According to a constitution implemented under the junta, it takes a joint vote of the elected House of Representatives and the appointed Senate to name a new prime minister, giving Prayuth a great advantage. However, his opponents could still control a majority in the lower house, making it difficult for him to pass laws or get a budget approved, and making any government he would head unstable because of the possibility it would face a vote of no confidence.


Former Unaoil managers convicted in Britain of Iraq bribery

Updated 13 July 2020

Former Unaoil managers convicted in Britain of Iraq bribery

  • The verdict marks a milestone in the British arm of a 4-year, global inquiry

LONDON: Two former managers of Monaco-based energy consultancy Unaoil have been convicted in Britain of bribing Iraqi officials to clinch lucrative oil projects as the war-ravaged country tried to boost exports after the fall of Saddam Hussein in 2003.
The verdict marks a milestone in the British arm of a four-year, global inquiry into how Unaoil, once run by the prominent Ahsani family, helped major Western companies secure energy projects across the Middle East, Central Asia and Africa over two decades.
A London jury found British-Lebanese Ziad Akle, Unaoil’s former Iraq territory manager, and Stephen Whiteley, a British former manager for Iraq, Kazakhstan and Angola, guilty of plotting to make corrupt payments to secure oil contracts between 2005 and 2010.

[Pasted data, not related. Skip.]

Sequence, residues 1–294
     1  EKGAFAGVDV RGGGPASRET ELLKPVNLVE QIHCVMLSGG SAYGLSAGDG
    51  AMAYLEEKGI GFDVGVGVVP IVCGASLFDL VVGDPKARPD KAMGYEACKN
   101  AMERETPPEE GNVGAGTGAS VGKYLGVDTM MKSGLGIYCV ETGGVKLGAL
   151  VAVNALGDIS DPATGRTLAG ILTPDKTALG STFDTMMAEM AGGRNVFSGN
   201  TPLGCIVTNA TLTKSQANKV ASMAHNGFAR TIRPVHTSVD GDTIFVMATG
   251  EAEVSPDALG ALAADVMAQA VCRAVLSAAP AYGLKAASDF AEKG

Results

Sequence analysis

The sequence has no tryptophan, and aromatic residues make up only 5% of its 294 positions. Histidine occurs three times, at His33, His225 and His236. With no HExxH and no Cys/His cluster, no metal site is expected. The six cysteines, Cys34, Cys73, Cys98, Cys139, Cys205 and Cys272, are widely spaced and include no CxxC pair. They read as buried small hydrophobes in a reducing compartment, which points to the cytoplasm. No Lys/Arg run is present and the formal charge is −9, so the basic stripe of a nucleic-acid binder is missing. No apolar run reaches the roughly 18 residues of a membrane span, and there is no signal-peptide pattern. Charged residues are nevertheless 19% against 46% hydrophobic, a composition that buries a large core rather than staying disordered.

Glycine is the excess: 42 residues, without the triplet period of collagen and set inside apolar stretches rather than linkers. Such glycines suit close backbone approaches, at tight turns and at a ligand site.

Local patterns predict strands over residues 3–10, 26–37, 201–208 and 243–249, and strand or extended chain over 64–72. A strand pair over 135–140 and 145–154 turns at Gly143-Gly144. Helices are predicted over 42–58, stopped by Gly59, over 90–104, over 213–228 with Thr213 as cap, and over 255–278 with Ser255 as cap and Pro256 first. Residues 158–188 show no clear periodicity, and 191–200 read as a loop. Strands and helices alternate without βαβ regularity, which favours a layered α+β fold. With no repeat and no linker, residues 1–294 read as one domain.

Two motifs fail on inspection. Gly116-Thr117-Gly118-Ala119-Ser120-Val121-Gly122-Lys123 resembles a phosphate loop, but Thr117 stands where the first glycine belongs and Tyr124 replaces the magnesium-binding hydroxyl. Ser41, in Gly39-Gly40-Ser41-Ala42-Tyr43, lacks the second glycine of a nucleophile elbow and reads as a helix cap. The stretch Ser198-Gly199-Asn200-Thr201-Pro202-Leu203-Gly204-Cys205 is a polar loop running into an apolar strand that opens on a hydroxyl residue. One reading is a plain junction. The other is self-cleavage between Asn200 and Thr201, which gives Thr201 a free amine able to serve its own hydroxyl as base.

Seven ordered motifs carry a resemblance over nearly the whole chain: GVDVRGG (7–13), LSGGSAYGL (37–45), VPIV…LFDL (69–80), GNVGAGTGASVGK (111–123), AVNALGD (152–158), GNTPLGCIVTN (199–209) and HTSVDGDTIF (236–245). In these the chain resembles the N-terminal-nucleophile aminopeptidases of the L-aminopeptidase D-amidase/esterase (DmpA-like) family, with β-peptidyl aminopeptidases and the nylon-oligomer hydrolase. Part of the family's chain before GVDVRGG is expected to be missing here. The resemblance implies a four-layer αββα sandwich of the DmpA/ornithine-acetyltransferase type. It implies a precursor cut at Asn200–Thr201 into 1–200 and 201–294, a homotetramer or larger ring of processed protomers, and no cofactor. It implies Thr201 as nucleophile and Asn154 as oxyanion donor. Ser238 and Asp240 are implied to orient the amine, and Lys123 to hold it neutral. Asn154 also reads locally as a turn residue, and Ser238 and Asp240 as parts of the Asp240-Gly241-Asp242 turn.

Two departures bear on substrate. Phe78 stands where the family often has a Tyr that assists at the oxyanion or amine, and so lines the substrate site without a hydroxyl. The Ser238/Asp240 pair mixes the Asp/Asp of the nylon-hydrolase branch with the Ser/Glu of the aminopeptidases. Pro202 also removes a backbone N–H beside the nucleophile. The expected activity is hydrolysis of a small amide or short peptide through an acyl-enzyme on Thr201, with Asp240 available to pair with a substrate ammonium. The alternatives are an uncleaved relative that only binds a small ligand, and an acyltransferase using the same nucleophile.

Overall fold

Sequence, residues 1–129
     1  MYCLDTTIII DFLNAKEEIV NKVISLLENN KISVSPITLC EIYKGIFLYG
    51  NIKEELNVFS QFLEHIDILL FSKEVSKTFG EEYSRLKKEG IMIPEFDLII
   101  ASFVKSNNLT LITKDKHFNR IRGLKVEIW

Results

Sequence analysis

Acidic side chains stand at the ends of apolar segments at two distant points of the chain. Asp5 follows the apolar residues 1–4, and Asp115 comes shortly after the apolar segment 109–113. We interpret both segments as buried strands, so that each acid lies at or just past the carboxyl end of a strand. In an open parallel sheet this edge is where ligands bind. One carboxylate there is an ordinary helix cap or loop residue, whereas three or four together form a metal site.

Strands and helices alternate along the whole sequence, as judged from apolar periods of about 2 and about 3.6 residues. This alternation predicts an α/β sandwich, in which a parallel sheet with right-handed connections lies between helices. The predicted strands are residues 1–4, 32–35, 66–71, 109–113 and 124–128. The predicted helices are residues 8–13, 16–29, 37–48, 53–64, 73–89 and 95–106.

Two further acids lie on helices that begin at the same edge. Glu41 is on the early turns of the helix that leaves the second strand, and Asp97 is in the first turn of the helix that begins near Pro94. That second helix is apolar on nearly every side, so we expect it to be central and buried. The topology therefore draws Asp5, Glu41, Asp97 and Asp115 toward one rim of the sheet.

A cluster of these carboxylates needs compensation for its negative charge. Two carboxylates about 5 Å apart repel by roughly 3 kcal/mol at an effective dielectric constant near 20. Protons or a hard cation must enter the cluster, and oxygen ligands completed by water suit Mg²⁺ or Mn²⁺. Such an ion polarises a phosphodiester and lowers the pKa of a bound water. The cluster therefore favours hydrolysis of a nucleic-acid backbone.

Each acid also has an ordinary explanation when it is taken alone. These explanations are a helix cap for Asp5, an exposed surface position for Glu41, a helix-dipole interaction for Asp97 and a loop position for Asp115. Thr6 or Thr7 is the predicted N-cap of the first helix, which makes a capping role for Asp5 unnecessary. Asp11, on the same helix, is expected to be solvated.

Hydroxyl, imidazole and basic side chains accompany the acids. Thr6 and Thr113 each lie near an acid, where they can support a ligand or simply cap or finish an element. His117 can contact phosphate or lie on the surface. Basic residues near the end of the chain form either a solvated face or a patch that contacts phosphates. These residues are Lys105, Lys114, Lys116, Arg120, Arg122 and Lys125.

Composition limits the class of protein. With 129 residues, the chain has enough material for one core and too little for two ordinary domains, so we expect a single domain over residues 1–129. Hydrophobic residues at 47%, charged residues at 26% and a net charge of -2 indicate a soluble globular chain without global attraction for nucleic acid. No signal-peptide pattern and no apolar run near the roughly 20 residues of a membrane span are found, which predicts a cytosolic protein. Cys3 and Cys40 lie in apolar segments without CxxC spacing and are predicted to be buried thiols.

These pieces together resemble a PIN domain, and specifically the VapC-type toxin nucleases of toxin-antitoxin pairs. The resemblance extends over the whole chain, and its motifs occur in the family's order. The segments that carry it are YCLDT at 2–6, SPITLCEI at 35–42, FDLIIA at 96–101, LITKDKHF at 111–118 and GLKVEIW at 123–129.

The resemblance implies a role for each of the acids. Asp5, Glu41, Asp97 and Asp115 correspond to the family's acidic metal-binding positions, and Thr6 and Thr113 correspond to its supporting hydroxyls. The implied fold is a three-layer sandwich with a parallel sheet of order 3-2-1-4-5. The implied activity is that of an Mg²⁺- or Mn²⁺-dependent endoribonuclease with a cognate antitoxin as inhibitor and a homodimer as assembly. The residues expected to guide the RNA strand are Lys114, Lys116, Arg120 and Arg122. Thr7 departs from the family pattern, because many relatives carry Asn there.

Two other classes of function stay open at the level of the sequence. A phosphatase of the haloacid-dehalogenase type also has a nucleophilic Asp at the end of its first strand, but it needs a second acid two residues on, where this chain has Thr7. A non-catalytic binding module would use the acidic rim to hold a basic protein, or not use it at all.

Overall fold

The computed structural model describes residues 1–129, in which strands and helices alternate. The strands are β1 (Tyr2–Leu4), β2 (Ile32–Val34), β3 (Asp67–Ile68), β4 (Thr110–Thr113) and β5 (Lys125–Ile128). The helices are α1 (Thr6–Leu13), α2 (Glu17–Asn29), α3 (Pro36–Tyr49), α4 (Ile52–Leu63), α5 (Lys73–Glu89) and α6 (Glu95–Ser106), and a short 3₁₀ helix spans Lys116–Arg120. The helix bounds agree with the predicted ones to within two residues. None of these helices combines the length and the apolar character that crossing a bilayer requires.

But after a marathon 19 days of deliberations, the jury was unable to reach a verdict in the case against Paul Bond, a British one-time Middle East sales manager for Dutch-based oil and gas services company SBM Offshore. He faces a retrial, the UK Serious Fraud Office (SFO) confirmed on Monday.
The three men denied any wrongdoing.
The judge lifted reporting restrictions on Monday after a drawn-out trial that was suspended in March as the coronavirus brought parts of the criminal justice system to a halt, and restarted in May in a new court to allow jurors to socially distance.
“These men dishonestly and corruptly took advantage of a government reeling from dictatorship and occupation and trying to reconstruct a war-torn state,” said SFO head Lisa Osofsky following the verdicts against Akle and Whiteley.
“They abused the system to cut out competitors and line their own pockets.”
The agency has now secured three convictions in the case after Basil Al Jarah, Unaoil’s 71-year-old former country manager for Iraq, pleaded guilty last year.
The principal suspects in the case, brothers Cyrus and Saman Ahsani, evaded British investigators and pleaded guilty to bribery in the United States after an extradition battle in Italy in 2018.
Akle, 45, Whiteley, 65, and Al Jarah will be sentenced on July 22 and 23, the SFO said.
BRIBERY
Prosecutors said the defendants had conspired with others to pay bribes to public officials at the Iraqi South Oil Company and, in Al Jarah’s case, Iraqi Ministry of Oil representatives, to secure oil contracts for Unaoil and its clients.
Al Jarah admitted to paying more than $6 million in bribes to secure contracts worth $800 million to supply oil pipelines and offshore mooring buoys. Akle and Whiteley were found guilty of paying more than $500,000 in bribes to secure a $55 million contract for offshore mooring buoys.
In his defense, Akle said payments were authorized for security purposes. Whiteley denied knowing about payments but said he wanted a “level playing field” during a competitive tender.
A lawyer for Whiteley was unable to comment and legal representatives for Akle and Bond did not immediately respond to requests for comment.